the way I see things, your heart
is just as isolated as this girl's
and you two aren't that different.
She thinks it's funny to call her
peers names that she dug up
out of her dad's expensive yard,
covered in undeserving soil
and pubescent bacteria.
"Dance with me," she says.
"So everyone will think you're normal."
And you make excuses as
disco balls throw cliches
against the rundown walls of a gym
*so I watched this independent LGBT film called Shelter and I loved it so much, I wrote this poem.*
The brainwashed sun sticks to my eyelids
in the pear drop morning.
Wandering down these
I wear a practiced smile.
But your name is something foreign;
a long-forgotten page
from my adolescent journal,
and so used to flying under the radar,
I'm at a loss for words when
you give me a compliment.
Still, you seem comfortable
in your thick skin and it's
seeing how you joke
without straying from the truth,
Maybe this time the pale violets will catch fire
instead of the tablecloth and my mother will
come out of her study and yell for me to do
something about the flames eating our house.
Then I'll have to call you on the phone and say,
"Not tonight, David."
You're a clever tease with a drama club smile,
an almost perfect posture that screams,
"Believe in me or else I'll melt into oblivion."
Especially in the beginning, I thought you
were conceited, but at the same time,
I dreamed drunkenly about tracing
the curve of your jaw and causing
color to form on your cheeks.
Reputation is a cruel, deceiving thing
with dark humor in its smile.
Your shirt sleeve rolls up and people
start chattering about your
tattoo but all I can focus on
is the sinewy peach stretch of skin on your bicep.
It excites me like a cold shower at blistering noon
or walking across a bridge during rush hour traffic.
Anyway, what is wrong with the fact
that you believe love should hang
from a Tim Burton type of tree?
Attraction comes at us
like a freight train in eastern Iowa;
merciless and unstoppable in its
race against time and judgment,
not letting us breathe
The quail rain hits the glass and splits in half against
the windowpane while you're sprawled on the cloud
grey mattress, idly smoking a cigarette.
We are in a green room at the La Quinta
motel near a sunburned Texas highway.
We do this sometimes; drive away from our
respective hometowns and pretend we're
different people with movie type of stories.
Perhaps it's immature but for a few
bank-robbed moments, we are not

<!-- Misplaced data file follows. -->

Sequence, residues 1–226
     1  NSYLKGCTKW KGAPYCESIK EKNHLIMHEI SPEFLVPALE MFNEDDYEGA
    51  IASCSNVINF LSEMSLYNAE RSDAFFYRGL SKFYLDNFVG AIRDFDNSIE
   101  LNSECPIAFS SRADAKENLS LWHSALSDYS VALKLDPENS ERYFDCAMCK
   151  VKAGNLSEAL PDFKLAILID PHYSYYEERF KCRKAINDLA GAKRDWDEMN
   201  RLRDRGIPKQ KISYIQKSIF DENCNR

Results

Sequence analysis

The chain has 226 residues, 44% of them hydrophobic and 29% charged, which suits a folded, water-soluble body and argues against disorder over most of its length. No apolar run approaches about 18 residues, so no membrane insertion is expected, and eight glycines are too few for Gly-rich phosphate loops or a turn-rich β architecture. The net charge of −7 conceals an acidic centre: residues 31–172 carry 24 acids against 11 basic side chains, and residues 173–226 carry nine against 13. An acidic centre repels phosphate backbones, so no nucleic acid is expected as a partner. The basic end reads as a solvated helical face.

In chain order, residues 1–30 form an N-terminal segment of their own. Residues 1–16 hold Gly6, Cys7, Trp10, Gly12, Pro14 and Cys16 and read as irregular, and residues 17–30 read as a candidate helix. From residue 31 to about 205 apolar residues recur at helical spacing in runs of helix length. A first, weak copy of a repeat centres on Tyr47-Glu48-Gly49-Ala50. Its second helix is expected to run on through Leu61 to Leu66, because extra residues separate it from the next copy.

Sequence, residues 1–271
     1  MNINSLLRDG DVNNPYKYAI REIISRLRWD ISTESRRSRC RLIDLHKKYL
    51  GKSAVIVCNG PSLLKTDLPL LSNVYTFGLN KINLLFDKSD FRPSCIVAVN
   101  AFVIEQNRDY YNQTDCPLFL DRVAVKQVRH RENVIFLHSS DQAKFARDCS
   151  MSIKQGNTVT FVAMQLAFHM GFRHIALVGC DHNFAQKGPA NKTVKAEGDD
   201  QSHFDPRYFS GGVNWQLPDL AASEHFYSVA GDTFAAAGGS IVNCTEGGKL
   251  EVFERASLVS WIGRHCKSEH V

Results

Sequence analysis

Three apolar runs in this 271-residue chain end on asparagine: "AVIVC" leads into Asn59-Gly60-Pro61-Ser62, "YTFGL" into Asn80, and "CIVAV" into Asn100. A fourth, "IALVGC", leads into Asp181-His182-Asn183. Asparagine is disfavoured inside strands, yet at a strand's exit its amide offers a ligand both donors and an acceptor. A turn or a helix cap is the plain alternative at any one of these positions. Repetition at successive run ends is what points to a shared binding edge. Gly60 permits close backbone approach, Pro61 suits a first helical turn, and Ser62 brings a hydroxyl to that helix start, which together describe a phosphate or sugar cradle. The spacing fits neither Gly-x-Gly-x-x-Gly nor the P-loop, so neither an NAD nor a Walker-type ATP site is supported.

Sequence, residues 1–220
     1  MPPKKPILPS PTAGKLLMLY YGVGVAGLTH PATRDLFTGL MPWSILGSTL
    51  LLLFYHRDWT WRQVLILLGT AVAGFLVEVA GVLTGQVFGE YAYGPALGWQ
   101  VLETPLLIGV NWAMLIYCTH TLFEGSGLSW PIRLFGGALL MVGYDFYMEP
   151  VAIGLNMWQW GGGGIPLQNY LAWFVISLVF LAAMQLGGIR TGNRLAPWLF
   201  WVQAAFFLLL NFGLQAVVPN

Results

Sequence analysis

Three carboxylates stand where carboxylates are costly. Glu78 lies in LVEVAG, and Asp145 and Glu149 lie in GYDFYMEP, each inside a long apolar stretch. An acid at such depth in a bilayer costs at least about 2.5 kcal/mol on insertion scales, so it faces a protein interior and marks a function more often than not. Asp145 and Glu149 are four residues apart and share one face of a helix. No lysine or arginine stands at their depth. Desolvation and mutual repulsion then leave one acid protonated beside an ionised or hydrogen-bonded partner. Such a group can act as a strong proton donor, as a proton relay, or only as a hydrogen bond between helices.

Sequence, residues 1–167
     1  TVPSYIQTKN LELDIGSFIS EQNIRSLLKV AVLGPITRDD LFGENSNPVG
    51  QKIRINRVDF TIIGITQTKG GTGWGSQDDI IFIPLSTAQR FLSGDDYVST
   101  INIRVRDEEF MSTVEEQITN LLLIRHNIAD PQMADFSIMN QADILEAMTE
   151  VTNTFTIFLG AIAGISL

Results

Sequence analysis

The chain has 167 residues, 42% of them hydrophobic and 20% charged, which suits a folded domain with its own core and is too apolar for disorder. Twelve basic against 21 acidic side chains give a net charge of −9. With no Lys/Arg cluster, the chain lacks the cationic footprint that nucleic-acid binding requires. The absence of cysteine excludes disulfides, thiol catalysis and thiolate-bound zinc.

lying just to breathe easily.
You understand why my father might disown me
and extend a hand, saying, "Come here," very quietly
Lime green lightning bugs lit up the road late on a school night
and you squeezed my hand while lip-syncing to Ed Sheeran.
Inside your car, we were safe and invisible, baby.
You rested your cheek on my shoulder and I fell
for the dangerous tints of maple in your irises.
Maybe it was naive or maybe it was real;
either way, we threw caution to the wind
along with the ash from our convenience
store cigarettes and kissed hotly like nobody could stop us.
You were someone I wanted to keep forever;
tie you up with imaginary rope and trap you
A door creaked open as I pulled on my coat in the foyer. My sister's voice echoed from the top of the stairs.
"Mike, can you stop by the drugstore? We're out of pain medicine."
I hated when Cara called me "Mike" because that's what our absent mother used to call me before she took off. But I couldn't be mean to her right then.
"Okay," I said as lightly as I could. "I'll stop there on my way to the club."
Before she could turn around, I called her name.
Cara froze on the fourth step and my heart sank when I noticed something like hopelessness in her aquamarine eyes.
When I was a kid, I used to get a lot of flack from adults at school and at home because I'm shy and they would say I was anti-social and criticize me, saying I had to make friends because it wasn't normal. So I'd step out of my comfort zone and try to approach people, which would only result in me getting bullied. I seriously only had one real friend who I met when I was 9 but we lost contact when I was 11.